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Makeover for men in white amid umpiring overhaul

The GAA's 'men in white coats' are about to become a thing of the past.

An overhaul of the entire umpiring system used in Gaelic games, brought before the GAA's Management Committee and Central Council over the weekend, includes a proposals to dump the traditional white coats for more modern attire.

As part of a raft of new measures aimed at improving the standard of umpiring, the dress code for the officials, whose priority is to adjudicate on scores, is to undergo an extensive makeover.

The white coats, which have been in use for as long as anyone can remember, could be replaced by uniforms similar to those used in International Rules, or tracksuits.

An age limit, slightly above the 50 mark now being imposed on referees, is also in the pipeline.

The National Referees Committee will be asked to implement a series of proposals, ranging from proper training of umpires to the certification of those who pass the required standard, as part of the overhaul.

It is anticipated that a new panel of trained umpires will be in place prior to next year's championships.

The selection of umpires for big games may be taken away from referees, though this has yet to be thrashed out. It was recommended to the Management Committee that umpires should be appointed in pairs for provincial championship games and then be drawn from a panel for All-Ireland qualifiers, quarter-finals, semi-finals and final.

Umpires have come more sharply into focus in recent years on the back of a number of controversial decisions.

Two in particular this summer have prompted an internal Croke Park assessment of their roles and a look at the best ways that they can improve the standard and image of the officials.

Meath's Leinster football final triumph against Louth in July came only after referee Martin Sludden awarded a Joe Sheridan goal when the Meath player had carried the ball over the goal-line deep into injury-time.

While on the ground, Sheridan attempted to make contact with ball with his boot but missed, creating the perception that he threw the ball to the net.

According to the incensed Louth players who surrounded the official, Sludden had told his umpire at the right-hand post to raise the green flag and signal the awarding of the goal. Sludden hasn't yet commented publicly on the episode.

Then at the end of August, Down were awarded a goal when Benny Coulter, who later admitted he was in the square as he got the touch, fisted in for their controversial first-quarter goal that turned the tide in the All-Ireland semi-final against Kildare.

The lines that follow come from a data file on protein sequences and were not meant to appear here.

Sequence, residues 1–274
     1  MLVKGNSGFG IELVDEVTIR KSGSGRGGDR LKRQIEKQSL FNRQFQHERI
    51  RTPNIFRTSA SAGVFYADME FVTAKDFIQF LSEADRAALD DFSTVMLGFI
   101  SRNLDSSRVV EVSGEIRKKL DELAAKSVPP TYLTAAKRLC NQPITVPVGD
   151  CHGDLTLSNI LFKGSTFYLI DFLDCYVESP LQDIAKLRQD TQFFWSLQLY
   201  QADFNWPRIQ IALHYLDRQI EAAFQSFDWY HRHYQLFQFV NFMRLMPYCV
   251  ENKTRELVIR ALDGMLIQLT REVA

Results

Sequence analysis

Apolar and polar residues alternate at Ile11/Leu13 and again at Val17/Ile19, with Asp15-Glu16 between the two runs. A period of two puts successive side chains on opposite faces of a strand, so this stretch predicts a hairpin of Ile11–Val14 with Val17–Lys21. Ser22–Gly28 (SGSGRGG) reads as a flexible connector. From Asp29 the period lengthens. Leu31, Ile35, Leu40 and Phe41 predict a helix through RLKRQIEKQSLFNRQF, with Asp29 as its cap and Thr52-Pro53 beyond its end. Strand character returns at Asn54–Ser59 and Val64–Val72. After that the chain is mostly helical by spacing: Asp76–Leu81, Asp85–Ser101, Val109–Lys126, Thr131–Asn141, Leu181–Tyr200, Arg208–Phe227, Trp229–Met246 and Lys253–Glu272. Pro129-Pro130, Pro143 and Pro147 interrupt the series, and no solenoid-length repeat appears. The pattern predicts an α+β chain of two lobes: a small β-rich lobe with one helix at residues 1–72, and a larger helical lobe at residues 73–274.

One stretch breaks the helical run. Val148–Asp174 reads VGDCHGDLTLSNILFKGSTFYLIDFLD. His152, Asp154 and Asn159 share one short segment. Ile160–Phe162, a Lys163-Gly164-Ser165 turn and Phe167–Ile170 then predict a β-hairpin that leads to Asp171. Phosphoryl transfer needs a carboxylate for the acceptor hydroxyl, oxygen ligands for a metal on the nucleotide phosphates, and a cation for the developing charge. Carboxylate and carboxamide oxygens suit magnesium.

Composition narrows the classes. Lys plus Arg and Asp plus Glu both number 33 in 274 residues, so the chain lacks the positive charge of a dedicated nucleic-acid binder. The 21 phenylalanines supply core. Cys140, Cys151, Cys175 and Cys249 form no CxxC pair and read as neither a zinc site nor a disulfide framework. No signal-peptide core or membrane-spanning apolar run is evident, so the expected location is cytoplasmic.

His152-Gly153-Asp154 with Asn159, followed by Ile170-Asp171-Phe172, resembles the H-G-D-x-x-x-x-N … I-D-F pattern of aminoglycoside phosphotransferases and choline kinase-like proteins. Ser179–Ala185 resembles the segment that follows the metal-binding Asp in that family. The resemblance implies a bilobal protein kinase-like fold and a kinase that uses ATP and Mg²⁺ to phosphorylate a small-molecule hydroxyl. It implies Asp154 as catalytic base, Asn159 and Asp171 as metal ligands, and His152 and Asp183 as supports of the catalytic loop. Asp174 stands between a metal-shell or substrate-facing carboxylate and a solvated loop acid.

Referee Pat McEnaney consulted with one of his umpires before allowing the goal to stand but instantly realised a mistake had been made when he caught a glimpse of it on the big screen on his way back out to the middle of the field.

That decision incensed Kildare manager Kieran McGeeney, who wondered aloud afterwards how the GAA could count the number of times his assistant Aidan O'Rourke had been on the field of play in their previous game against Meath, but they struggled to determine what was and wasn't a score.

Throughout the year there has been controversy over the awarding of points in championship matches, with TV replays exposing how umpiring decisions have been wrong.

Up to now, umpires have been personally selected by the referee in charge and are usually friends or clubmates of the official who serve in his team at club fixtures and matches of all profiles.

In McEnaney's case, one of his regular umpires is one of the top inter-county referees, Joe McQuillan.

The umpires are generally people with a good understanding of the game who have built up a level of trust with the relevant referee.

That level of knowledge of the game is to be scrutinised in the months ahead.

Some undertake training courses as it is, but more intensive courses are now set to become mandatory for those wishing to continue or commence umpiring.

It is anticipated that a panel of inter-county umpires will be established once they meet the criteria to be set out.

A national training course will be established early in the new year and once certification is achieved, umpires will be deemed ready to officiate at inter-county games. In time, the certification may be rolled out across minor, U-21 inter-county games and even club games.

The proposals are to be discussed with a view to implementation at the next meeting of the referees committee.

Irish Independent